Vladimir Ivanovich Kirillov
Post Number: 412
|Posted on Monday, 22 February, 2016 - 15:33: |
Presently I am still removing the brightwork from the Jaguar 420G to give it a complete colour change from horrid Brown to Black.
It is quite marvellous to observe the high standard of the chrome work and how many pieces have to come off the driver's side rear door to remove the glass and the stainless steel window frame which in itself is quite a work of art.
Its a task that only somebody as insane as myself should attempt as the procedure is certain to cause insanity.
I think it was when I discovered that Jaguar had welded the outer door skin to the inner door skin in such a way that it is impossible to remove the stainless steel window frame from the door that anger slipped into the equation. This will make it interesting to paint.
I imagine the very few full restorations done on Jaguar 420G with total repaints sent quite a few spraypainter/panel beaters into mad crazy rages as most of them are right on the edge anyway having sniffed thinners for years.
I wonder if I am going to feel the same murderous intentions if I ever take on a Silver Shadow repaint.
I am wondering just how it came to be that this car was manufactured in such a way that you can't remove the stainless window frame without cutting into the door sheet metal.
Perhaps they designed it and then when they went to put their design into manufacture they came upon this problem that the window frame would have to be entrapped in the door during manufacture.
I just can't imagine it was engineered purposely that way and I can envisage a huge argument in Coventry's assembly line when the first cars were being put together that some poor devil got the job of fitting the stainless steel door trims into the door after the inner door panel was welded onto the outer door panel and found it simply would not fit.
It would have made for an ugly moment until some one came up with the bright idea to insert the stainless window frame into the door before the two halves were welded together.
No doubt they had a huge giggle thinking about some mechanic attempting to replace the stainless steel window frame. Just getting the window out too is a special moment I would prefer to forget.
Omar M. Shams
Post Number: 526
|Posted on Tuesday, 23 February, 2016 - 02:23: |
Its Interesting that you are restoring a MK X and I am restoring a MK IX at the same time. Yes I know yours is a 420G not a MK X, but they are essentially the same looking car.
I hope my MK IX will be worth all the trouble after this massive exercise - both in terms of time and money. These cars are as expensive to restore as a Rolls-Royce.
Vladimir Ivanovich Kirillov
Post Number: 413
|Posted on Tuesday, 23 February, 2016 - 09:15: |
Omar, old chap, did you find a grill for your Mark IX Jaguar yet?
I do like all the Jaguars - the Mark 7 to Mark 9 were particularly grand in appearance.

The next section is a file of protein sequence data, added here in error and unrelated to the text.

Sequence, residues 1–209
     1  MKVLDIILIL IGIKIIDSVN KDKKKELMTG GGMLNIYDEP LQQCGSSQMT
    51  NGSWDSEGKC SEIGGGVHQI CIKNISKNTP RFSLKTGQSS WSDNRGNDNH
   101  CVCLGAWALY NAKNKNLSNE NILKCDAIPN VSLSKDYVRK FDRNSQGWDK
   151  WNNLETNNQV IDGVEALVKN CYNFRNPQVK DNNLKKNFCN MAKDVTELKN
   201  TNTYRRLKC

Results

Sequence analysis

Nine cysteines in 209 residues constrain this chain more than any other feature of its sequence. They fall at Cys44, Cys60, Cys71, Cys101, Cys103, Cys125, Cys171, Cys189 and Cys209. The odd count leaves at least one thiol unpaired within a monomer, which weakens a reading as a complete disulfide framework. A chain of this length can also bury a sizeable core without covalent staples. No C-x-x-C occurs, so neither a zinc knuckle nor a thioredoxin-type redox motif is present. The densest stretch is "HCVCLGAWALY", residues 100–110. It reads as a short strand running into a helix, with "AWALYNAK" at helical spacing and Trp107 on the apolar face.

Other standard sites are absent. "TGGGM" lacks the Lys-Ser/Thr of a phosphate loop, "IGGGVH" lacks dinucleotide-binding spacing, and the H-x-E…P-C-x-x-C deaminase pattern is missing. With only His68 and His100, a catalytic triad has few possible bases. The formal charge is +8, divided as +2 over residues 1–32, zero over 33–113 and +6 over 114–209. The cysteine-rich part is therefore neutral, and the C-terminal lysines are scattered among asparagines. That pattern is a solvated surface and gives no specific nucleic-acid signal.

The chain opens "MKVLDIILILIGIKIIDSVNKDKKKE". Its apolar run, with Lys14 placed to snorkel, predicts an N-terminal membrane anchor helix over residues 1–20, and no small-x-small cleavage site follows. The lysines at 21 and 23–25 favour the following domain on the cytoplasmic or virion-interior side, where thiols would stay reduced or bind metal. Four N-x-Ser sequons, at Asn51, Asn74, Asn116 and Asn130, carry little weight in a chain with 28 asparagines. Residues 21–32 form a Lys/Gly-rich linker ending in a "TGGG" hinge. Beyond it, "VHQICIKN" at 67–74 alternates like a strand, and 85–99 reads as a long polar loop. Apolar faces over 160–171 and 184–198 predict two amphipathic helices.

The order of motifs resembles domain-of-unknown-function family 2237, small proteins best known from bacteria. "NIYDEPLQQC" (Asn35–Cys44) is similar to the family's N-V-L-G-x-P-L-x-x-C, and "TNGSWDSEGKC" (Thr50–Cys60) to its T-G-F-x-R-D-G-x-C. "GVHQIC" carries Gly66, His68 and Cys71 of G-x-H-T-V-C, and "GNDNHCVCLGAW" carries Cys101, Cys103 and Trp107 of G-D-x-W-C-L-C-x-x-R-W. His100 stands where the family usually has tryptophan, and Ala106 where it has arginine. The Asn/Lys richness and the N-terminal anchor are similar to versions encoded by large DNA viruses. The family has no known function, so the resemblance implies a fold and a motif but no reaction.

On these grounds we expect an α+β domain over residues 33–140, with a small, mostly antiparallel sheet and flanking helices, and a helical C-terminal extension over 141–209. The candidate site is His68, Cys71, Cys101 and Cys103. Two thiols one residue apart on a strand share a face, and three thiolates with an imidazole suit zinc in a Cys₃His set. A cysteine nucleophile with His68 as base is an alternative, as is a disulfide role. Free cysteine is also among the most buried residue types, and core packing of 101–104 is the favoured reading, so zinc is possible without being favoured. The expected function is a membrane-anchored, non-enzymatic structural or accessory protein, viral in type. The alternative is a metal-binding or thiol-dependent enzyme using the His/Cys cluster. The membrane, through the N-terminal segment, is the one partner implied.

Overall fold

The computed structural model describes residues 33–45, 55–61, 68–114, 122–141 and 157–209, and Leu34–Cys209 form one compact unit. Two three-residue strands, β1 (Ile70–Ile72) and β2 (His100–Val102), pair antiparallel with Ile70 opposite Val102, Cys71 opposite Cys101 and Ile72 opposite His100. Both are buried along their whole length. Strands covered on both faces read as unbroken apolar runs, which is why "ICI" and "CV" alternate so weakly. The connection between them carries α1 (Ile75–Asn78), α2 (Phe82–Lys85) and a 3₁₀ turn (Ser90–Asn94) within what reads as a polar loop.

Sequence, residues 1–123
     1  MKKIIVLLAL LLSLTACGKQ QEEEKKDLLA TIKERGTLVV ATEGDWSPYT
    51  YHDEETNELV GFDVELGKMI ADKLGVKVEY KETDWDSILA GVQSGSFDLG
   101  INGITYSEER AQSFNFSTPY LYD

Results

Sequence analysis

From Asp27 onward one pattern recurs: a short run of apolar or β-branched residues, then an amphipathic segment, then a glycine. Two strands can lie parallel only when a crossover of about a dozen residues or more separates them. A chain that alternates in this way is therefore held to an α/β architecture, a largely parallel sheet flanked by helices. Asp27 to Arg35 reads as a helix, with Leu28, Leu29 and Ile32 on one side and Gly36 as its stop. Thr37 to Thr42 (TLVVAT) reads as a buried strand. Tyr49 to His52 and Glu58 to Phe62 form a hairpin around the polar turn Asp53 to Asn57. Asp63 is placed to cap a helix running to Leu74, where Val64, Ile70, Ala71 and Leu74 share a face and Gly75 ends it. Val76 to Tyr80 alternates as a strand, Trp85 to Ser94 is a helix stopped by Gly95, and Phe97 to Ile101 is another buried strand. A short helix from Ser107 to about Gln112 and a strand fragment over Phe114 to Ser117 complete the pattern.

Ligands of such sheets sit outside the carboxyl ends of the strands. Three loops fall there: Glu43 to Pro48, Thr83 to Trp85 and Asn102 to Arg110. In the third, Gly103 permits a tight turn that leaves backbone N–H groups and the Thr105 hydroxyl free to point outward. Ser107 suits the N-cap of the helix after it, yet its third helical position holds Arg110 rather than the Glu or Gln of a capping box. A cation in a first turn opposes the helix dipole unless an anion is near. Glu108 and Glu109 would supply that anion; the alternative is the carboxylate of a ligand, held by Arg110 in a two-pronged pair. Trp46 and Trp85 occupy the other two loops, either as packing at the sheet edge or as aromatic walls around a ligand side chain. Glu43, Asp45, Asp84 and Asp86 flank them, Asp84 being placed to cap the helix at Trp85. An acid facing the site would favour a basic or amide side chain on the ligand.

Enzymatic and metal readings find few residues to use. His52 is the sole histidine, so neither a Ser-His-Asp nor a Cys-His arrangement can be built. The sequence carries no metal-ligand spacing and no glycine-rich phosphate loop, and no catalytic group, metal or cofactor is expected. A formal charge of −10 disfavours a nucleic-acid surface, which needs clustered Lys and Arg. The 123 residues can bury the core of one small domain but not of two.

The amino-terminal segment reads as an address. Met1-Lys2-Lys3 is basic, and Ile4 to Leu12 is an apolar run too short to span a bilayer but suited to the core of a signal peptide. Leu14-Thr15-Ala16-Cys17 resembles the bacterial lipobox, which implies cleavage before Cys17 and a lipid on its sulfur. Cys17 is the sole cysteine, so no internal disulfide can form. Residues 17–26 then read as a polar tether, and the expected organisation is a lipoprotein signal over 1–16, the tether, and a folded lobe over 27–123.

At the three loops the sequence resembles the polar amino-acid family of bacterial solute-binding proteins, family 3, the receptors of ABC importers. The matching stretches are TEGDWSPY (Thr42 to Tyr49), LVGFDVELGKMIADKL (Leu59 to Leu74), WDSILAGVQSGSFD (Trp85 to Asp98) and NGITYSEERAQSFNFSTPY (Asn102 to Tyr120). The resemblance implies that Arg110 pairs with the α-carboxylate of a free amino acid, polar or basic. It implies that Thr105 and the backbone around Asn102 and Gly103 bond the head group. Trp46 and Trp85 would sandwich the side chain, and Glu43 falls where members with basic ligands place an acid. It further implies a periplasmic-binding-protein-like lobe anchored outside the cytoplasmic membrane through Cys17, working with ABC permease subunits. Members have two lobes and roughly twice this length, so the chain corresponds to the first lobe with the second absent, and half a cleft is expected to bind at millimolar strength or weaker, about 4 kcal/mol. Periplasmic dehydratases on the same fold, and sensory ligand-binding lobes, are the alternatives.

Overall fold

I think the merit in restoring something like a Mark 9 and or 420G or Mark X comes from then being able to have a motor vehicle which really has no equal in terms of class, appearance, luxury etc. For me time and money are not things I allow to interfere with a restoration project.
It is often said that its is much more wise to purchase a restored car than to restore a car yourself. I don't adhere to this view at all. Firstly, if you restore your own car, then you know exactly what is under that paint, what is inside that engine and what nooks and crannies have been overlooked. Even a car which appears to show the restorer had "attention to detail" is often hiding something.
I have no intention of ever selling any of my cars so money really is not an issue. As for time it is the restoring of cars that I enjoy more than the finished product although often I think why did I bother.
When you restore your own car there are no surprises if you do it all yourself - which I do other than say instrument restoration or chromework replating.
The word "restored" obviously means many things to many people and what appears restored to one person appears to be an outrageous pack of lies to another.
I am most greatly entertained by sellers of vehicles that claim "easy restoration". These people are fools looking for fools. For me "easy restoration" falls into the category of "kind banker, honest politician, trustworthy insurance company and tooth fairy"
Omar M. Shams
Post Number: 527
|Posted on Wednesday, 24 February, 2016 - 04:17: |
Yes I did buy one in the end. All thanks to this forum and specifically Brian Vogel. this chap has bailed me out of the poo so many times now.....
I have just taken it out of the box that it was delivered in and my goodness - it weighs a ton. It is as heavy as a Rolls-Royce grill (maybe more).
When I have progressed in my resto I will post a picture.
Post Number: 5
|Posted on Monday, 07 November, 2016 - 23:27: |
Just in case you haven't seen this car Vladamir - restored and re-engineered by Classic Cars in Bridgnorth UK.
They are currently rebuilding a MK10 3.8 which also appears to be in black.
Have you seen the black MK10 Stateside that has been built with an XJR Supercharged engine? - American style for sure but fun none the less; I have a pic somewhere
Then of course there are the three 420G's that have been built with SOHC V12's- I've pics of those as well
Finally ..(you'll get used to me lol!) Have you seen the film Begin Again?